ATC code (partial): L01C

On November 15th, 2010, the FDA approved Eribulin Mesylate (ResearchCode:E-7389) under the trade name Halaven (TradeMark:Halaven). It is indicated for for the treatment of patients with late stage, metastatic breast cancer who have previously received at least two chemotherapeutic regimens for the treatment of metastatic disease. Phase III trials showed that patients survived a median of 2.5 months longer than patients treated with other current alternatives. Eribuln is a synthethic analogue of halichondrin B, a cytotoxic polyether macrolide marine natural product.

The mechanism of action of Eribulin is anti-mitotic and is mediated via tubulin binding, where it leads to G2/M block in the the cell-cycle; after prolonged stalling in this state, cells enter apoptosis and are then cleared.

Eribulin is a large (Mwt 729.9 for Eribulin and 826.0 for the mesylate salt) synthetic compound (an analogue of halichondrin B) an IUPAC name of the structure is 11,15:18,21:24,28­ Triepoxy-7,9-ethano-12,15-methano-9H,15H-furo[3,2-i]furo[2',3':5,6]pyrano[4,3­ b][1,4]dioxacyclopentacosin-5(4H)-one, 2-[(2S)-3-amino-2-hydroxypropyl]hexacosahydro-3­ methoxy-26-methyl-20,27-bis(methylene)-, (2R,3R,3aS,7R,8aS,9S,10aR,11S,12R,13aR,13bS,15S,18S,21S,24S,26R,28R,29aS)-, methanesulfonate (salt). The most striking part of the structure is the highly fused, rigid ring system, as you would expect, the synthesis is complicated. The structure contains many of the classical features of natural products - a high number and fraction of defined chiral centers, a high ratio of oxygens to nitrogens, and a high ring count.

The recommended dosing is 1.4mg/m2 as two intravenously delivered doses, separated by seven days, repeated after a further two weeks. An average adult human has a skin surface area of ca. 1.8 m2, so this would equate to a single dose of ~3 umol)  The mean half-life of Eribulin is ~40 hr, with a mean volume of distribution of ~80 L/m2, and a mean clearance of ~1.8 L/hr/m2. Plasma protein binding is around 58%. Eribulin is metabolically stable and is largely unmetabolised, with the majority of the dosed drug being excreted as the dosed form in the feces.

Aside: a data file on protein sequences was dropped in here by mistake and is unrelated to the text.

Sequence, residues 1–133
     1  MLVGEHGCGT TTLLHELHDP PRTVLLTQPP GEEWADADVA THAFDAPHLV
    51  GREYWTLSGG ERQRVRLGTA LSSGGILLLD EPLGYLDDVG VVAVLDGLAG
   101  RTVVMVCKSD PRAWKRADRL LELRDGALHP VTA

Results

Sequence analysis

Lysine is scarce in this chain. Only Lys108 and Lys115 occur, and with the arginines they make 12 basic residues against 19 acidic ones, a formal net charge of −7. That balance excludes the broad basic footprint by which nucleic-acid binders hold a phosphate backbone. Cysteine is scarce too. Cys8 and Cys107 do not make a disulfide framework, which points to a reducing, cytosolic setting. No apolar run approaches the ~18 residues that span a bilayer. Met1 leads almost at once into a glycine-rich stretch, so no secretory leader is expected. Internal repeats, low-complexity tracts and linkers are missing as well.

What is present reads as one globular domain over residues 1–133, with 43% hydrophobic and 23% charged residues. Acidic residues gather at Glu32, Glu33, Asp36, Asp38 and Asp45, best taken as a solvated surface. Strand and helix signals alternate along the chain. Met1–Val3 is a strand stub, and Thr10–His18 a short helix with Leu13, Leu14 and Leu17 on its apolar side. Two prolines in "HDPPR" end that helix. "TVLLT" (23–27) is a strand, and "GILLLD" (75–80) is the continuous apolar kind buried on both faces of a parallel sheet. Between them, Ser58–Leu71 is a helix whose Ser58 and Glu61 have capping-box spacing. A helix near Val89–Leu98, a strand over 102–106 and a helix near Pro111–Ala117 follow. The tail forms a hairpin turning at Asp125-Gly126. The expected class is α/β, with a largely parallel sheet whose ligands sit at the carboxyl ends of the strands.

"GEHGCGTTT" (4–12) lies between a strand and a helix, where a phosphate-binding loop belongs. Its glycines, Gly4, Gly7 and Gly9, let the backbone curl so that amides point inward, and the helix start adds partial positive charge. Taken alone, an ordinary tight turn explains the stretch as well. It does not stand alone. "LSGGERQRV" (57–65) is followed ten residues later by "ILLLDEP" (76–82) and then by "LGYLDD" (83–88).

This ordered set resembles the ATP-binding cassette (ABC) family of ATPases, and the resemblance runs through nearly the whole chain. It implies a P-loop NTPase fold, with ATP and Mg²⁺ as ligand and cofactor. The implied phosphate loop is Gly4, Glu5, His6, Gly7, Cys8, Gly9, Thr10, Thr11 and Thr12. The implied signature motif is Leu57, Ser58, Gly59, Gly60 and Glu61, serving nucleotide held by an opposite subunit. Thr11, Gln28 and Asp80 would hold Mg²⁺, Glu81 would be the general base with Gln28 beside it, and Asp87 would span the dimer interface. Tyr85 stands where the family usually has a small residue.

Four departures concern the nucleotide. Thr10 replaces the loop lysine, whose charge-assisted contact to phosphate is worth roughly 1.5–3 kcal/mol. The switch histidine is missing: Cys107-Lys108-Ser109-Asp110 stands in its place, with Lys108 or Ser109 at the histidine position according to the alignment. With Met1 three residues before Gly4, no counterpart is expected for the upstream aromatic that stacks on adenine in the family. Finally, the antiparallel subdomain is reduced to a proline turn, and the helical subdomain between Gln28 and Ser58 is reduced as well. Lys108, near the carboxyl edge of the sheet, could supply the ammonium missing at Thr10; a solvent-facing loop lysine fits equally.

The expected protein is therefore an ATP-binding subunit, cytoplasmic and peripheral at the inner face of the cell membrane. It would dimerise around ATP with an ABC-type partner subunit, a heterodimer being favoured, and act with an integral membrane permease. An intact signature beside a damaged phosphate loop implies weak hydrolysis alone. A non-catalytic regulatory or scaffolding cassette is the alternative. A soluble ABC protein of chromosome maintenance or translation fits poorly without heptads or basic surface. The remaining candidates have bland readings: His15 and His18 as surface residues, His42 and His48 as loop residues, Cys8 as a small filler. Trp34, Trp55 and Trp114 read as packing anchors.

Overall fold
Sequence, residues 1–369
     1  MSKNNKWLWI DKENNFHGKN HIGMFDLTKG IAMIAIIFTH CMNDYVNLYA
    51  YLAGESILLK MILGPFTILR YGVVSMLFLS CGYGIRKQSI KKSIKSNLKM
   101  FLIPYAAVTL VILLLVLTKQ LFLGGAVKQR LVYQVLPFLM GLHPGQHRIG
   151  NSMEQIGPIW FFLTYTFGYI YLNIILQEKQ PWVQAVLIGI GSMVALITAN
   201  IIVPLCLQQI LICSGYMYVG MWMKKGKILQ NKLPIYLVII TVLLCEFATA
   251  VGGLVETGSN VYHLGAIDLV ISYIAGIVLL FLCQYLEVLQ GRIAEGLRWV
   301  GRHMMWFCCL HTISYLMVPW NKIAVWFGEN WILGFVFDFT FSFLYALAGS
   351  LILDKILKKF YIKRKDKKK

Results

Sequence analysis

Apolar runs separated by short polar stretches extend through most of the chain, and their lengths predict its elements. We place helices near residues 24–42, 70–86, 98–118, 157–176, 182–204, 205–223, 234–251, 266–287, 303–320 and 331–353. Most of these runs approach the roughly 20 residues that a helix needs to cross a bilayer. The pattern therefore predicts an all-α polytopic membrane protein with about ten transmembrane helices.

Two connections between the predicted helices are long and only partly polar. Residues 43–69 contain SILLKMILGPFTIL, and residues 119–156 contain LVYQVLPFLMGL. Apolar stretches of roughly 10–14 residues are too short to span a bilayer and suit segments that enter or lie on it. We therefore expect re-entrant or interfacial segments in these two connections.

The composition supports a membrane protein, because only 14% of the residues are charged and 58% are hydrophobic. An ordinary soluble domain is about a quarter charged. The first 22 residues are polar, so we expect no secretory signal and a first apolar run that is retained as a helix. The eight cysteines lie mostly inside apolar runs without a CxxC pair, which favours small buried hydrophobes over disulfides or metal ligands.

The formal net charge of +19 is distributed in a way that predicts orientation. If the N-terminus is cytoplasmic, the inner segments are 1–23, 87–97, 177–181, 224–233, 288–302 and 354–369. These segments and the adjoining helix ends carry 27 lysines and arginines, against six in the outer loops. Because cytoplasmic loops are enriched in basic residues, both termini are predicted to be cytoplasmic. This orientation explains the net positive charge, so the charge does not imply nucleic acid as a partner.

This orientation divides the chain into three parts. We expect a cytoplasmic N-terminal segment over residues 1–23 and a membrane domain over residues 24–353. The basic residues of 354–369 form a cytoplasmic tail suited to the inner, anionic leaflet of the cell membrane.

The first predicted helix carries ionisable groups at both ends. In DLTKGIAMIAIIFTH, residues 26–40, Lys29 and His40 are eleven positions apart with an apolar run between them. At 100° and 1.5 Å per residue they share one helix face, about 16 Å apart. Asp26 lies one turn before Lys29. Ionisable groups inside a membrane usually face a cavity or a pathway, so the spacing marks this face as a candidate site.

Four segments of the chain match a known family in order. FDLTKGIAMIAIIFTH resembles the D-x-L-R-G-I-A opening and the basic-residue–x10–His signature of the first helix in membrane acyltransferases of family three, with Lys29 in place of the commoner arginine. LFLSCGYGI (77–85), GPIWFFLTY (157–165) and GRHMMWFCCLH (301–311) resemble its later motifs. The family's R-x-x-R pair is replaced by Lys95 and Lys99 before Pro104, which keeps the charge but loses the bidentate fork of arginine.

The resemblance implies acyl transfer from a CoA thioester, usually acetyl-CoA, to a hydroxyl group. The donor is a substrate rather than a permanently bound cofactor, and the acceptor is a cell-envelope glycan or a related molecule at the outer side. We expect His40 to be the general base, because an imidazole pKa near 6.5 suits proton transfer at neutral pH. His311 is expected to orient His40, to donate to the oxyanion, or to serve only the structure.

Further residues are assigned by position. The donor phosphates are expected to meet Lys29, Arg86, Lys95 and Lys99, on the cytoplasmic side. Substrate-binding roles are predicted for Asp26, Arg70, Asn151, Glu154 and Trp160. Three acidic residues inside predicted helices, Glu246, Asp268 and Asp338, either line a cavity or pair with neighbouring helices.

Eribulin binds at (or near) the vinca domain of tubulin, a region that is located at the interface of two tubulin heterodimers when arranged end to end and overlaps the exchangeable GTP site on β-tubulin (Bai et al). β-tubulin is small family of related human proteins (PFAM:PF03953, HOMSTRAD:tubulin, and UniProt:P07437 for a specific member) that are key components of microtubules. There are multiple isoforms of β-tubulin e.g. "tubulin-beta1" , ChEMBLDB ID: CHEMBL1915, canSAR:link; and "tubulin-beta5", ChEMBLDB_ID:CHEMBL5444, canSAR link. Multiple 3-D structures are available for alpha-/beta-tubulins including PDBe:1tub. Tubulins are the target of several other classes of anticancer drugs, such as Paclitaxel (aka taxol) and Vinblastine (both similarly cytotoxic natural products)

NAME="Eribulin Mesylate"
ATC_code= L01C

Full prescribing information here The license holder for Halaven™ is Eisai Inc.

Monday, 15 November 2010

ChEMBL_08 Released

We are pleased to announce the release of chembl_08. This version of the ChEMBL database was prepared 26th October 2010 and contains:
  • 735393 compound records
  • 636269 compounds (of which 635933 have molfiles)
  • 488898 assays
  • 2973034 activities
  • 8088 targets
  • 38462 publications
  • 5 activity data sources
You can also download the ChEMBL database (Oracle 9i, 10g, 11g or MySQL) from our ftp site: Changes to the database (please see release notes for more detail):
  1. FDA approved drugs have now been added to the compounds table*. Some drugs (e.g., biotherapeutics) do not have a structure/molfile, and not all drugs have bioactivity data associated with them. Further information for these drugs (e.g., mechanism of action) will be added in subsequent releases.
  2. Parent compounds have been generated by removing the salt component from any compounds tested as a salt form. Both the parents and the salt forms are recorded in the compounds table and a new table: molecule_hierarchy shows the relationship between them.